Criminologists often work in university settings,either conducting research and/or teaching. If you are interested in working on this level, however, it will be necessary to obtain a PhD in Criminology. Other potential areas of work could include working for independent agencies or government agencies. Areas of study generally include information on psychology, sociology, and deviant behavior patterns.
Criminal psychologists are almost always expected to obtain a doctorate in the field. This role is generally a support role in helping criminal investigation teams (through direct practice or research) to understand the thought-processes and behavioral patterns of criminal behavior. Even though criminal psychologists require certification and a significant amount of educaition, there is no guarantee that you will make a significant amount of money upon graduation.
Another area of potential focus for your degree in criminal justice is in the area of juvenile justice. If you major in juvenile justice be prepared to take child development, as well as psychology and sociology courses as part of your curriculum.
If you want to seek a degree in the area of juvenile justice you should first obtain either a part-time job or internship working with this designated population prior to deciding both which program most interests you and if this focus is right for you.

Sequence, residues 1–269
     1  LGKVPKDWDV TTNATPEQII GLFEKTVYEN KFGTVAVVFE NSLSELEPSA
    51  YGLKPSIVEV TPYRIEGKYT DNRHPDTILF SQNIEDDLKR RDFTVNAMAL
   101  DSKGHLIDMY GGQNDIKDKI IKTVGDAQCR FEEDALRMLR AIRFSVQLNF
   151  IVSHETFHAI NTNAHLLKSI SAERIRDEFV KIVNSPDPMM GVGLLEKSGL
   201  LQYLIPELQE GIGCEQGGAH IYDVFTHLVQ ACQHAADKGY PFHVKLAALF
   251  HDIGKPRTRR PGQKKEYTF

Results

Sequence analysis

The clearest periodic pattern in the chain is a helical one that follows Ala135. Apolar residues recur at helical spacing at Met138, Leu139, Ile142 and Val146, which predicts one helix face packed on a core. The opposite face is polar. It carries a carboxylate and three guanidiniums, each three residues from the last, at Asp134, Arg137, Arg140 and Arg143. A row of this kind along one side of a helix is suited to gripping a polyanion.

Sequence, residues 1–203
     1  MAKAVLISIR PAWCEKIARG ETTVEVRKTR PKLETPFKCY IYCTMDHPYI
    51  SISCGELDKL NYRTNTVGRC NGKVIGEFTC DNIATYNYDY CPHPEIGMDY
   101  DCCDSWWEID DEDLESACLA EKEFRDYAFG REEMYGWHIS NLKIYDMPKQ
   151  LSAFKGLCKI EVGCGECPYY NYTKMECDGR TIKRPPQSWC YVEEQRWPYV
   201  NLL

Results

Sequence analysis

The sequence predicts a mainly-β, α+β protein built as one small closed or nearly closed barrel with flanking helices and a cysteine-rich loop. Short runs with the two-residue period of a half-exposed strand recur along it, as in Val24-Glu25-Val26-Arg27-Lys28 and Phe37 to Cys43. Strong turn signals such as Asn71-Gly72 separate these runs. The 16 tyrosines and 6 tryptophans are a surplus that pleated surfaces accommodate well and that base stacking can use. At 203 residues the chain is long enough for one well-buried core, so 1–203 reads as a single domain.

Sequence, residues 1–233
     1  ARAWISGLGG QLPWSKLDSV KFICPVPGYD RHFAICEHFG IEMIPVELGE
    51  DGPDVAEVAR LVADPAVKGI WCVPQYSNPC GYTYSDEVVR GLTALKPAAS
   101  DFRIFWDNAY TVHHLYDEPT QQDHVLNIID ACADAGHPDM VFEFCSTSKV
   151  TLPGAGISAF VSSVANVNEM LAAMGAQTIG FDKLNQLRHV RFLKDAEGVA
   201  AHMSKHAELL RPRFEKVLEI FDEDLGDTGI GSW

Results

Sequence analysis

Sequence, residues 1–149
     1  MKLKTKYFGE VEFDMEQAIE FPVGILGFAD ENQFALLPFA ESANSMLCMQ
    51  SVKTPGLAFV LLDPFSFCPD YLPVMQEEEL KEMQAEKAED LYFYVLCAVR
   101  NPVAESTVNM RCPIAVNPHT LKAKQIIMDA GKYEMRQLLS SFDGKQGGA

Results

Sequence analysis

Juvenile justice can be both rewarding and very disheartening. This is not a job where you will be able to save every child/teenager that has been wronged and, thus, has committed a crime. There are many sad realities and harsh truths that you will experience both about the system and the juveniles (and their families) themselves.
A newer area of specialty within the field of criminal justice is Homeland Security. This major has specifically become prominent since the attacks of September 11, 2001. There are numerous educational possibilities within the area of homeland security, such as an Associate of Applied Science in Homeland Security or a Bachelor of Science in Homeland Security (masters programs and PhD programs, though fewer in number, are also an option). An associates degree would prepare you for an entry level position, while a bachelors might make you more likely to obtain a middle-level position upon graduation.
Areas of study with a degree in homeland security include crisis management/intervention, contingency planning, and emergency response. Since the Department of Homeland Security is a government agency, many higher level employees are recruited from various branches of the military and other areas of federal employment.